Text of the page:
We are the 99%

May 17, 2007

Bodack still holding out for a recount

According to this Post-Gazette article by Rich Lord:
Pittsburgh Councilman Len Bodack said today that he will await official certification of the results of Tuesday's Democratic primary before deciding whether to concede or challenge results that, unofficially, show him losing to challenger Patrick Dowd by 81 votes.
The vote was extremely close so I'm not surprised. But, correct me if I'm wrong, wouldn't a recount on the new machines simply spit back out the same totals that they did on election night? I mean there is no real paper trail to examine, right?

6 comments:

Anonymous said...

How do they count absentee ballots?

kate said...

I'm pretty sure the judge of elections for each polling place opens and counts them either the day before or the day of the election. Either way, there are none left to count today. The only things that can save Bodack now are provisional ballots (highly unlikely), a recount (probably won't work with machines), and challenging individual votes, which just looks bitter.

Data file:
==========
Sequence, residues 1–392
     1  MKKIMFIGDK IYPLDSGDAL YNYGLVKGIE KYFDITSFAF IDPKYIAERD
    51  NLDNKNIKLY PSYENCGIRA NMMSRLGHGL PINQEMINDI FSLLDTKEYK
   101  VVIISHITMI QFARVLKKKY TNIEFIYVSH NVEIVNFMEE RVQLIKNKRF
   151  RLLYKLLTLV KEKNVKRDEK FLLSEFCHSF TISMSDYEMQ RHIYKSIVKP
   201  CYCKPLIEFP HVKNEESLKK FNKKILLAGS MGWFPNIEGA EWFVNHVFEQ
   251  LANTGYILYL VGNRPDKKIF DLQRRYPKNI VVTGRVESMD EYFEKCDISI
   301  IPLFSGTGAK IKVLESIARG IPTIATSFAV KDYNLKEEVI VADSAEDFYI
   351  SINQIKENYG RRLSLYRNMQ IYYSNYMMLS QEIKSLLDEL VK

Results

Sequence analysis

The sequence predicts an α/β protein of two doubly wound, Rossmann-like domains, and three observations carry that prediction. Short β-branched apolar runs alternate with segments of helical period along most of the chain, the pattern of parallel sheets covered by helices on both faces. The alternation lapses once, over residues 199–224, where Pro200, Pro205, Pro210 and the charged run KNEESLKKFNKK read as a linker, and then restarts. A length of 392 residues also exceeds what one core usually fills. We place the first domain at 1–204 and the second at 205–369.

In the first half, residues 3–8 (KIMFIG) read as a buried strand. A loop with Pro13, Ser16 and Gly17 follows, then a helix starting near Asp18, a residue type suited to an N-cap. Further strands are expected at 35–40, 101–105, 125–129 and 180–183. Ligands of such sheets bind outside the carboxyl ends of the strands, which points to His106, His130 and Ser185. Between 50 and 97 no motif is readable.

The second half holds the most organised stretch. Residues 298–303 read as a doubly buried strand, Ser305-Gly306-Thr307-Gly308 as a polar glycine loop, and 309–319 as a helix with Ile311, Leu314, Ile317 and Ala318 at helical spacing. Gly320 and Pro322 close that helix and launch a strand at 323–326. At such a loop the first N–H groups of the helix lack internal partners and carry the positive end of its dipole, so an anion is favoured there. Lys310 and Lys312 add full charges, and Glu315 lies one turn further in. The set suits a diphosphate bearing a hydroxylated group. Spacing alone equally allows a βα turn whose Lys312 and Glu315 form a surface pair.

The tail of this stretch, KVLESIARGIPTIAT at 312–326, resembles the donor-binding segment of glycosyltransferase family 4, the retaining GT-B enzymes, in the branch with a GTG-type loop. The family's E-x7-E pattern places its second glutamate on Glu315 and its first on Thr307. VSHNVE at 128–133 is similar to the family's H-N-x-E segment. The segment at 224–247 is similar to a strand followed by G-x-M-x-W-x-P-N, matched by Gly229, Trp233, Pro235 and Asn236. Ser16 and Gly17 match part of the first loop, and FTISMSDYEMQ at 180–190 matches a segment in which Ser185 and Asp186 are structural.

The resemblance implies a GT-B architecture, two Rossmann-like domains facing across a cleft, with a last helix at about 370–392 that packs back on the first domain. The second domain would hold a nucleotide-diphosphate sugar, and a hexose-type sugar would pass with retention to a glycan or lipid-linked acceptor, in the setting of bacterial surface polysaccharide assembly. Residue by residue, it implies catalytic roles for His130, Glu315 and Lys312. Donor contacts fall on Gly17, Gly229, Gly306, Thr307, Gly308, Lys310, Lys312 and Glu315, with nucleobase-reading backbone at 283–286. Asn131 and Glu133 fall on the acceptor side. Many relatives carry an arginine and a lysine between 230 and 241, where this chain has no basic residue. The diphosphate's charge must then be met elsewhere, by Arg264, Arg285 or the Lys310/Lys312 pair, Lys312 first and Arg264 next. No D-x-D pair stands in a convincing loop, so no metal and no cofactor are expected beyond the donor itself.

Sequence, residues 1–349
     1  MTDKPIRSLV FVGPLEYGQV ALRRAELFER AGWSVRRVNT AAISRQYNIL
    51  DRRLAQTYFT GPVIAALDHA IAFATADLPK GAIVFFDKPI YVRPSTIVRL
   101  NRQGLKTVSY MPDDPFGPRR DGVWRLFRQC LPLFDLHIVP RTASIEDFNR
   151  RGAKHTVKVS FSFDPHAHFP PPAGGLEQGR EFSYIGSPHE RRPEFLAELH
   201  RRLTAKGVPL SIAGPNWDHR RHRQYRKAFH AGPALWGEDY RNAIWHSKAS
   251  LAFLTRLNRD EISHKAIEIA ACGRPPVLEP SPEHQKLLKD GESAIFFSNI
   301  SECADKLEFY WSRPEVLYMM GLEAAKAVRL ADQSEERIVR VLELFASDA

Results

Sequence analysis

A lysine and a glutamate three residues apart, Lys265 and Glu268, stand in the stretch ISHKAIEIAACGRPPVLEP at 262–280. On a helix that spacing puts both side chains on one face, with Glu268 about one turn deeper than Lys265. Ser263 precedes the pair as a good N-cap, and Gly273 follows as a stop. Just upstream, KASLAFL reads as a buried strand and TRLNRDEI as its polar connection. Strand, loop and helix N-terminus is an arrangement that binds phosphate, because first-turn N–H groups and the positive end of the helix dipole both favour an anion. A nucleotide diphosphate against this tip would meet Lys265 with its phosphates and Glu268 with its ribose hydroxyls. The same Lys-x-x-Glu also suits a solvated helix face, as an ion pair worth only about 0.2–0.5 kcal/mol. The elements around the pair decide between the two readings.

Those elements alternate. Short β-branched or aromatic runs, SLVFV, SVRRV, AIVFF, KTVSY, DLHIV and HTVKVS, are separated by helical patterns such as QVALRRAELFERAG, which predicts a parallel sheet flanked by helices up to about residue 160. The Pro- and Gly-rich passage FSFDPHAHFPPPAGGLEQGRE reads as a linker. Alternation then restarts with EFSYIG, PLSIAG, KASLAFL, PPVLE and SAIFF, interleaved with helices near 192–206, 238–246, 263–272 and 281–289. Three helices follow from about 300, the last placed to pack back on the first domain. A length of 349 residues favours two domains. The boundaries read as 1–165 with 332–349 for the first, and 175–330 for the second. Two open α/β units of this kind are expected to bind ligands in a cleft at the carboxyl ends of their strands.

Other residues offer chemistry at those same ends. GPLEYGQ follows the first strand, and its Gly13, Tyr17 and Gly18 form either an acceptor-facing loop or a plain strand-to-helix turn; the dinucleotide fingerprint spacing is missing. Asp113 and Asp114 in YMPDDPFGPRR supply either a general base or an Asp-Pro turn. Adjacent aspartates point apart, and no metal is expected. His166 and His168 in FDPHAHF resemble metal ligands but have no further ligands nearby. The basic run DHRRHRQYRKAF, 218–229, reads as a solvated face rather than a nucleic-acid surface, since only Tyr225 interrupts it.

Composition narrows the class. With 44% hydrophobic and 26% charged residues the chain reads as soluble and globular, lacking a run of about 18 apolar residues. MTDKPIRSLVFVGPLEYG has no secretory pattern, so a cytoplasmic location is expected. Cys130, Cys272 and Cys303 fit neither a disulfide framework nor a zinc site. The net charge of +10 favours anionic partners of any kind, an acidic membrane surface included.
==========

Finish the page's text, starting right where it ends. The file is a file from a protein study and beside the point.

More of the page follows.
estif said...

I would not put bitter past this crew. Patrick should have his own challenge list ready.

Maria said...

Yes, the provisional and absentee ballots are paper so there is an actual paper trail to follow there (hand recount).

I'm betting Dowd is prepared for any challenge. His campaign was one well-oiled machine. Also, if I recall, he had many lawyers at the ready on election day itself.

Matt H said...

Absentee ballots are counted with the regular votes at the end of the night at the polling site.

There shouldn't be any absentee ballots to count.

Maria said...

I'm talking about a REcount, Matt.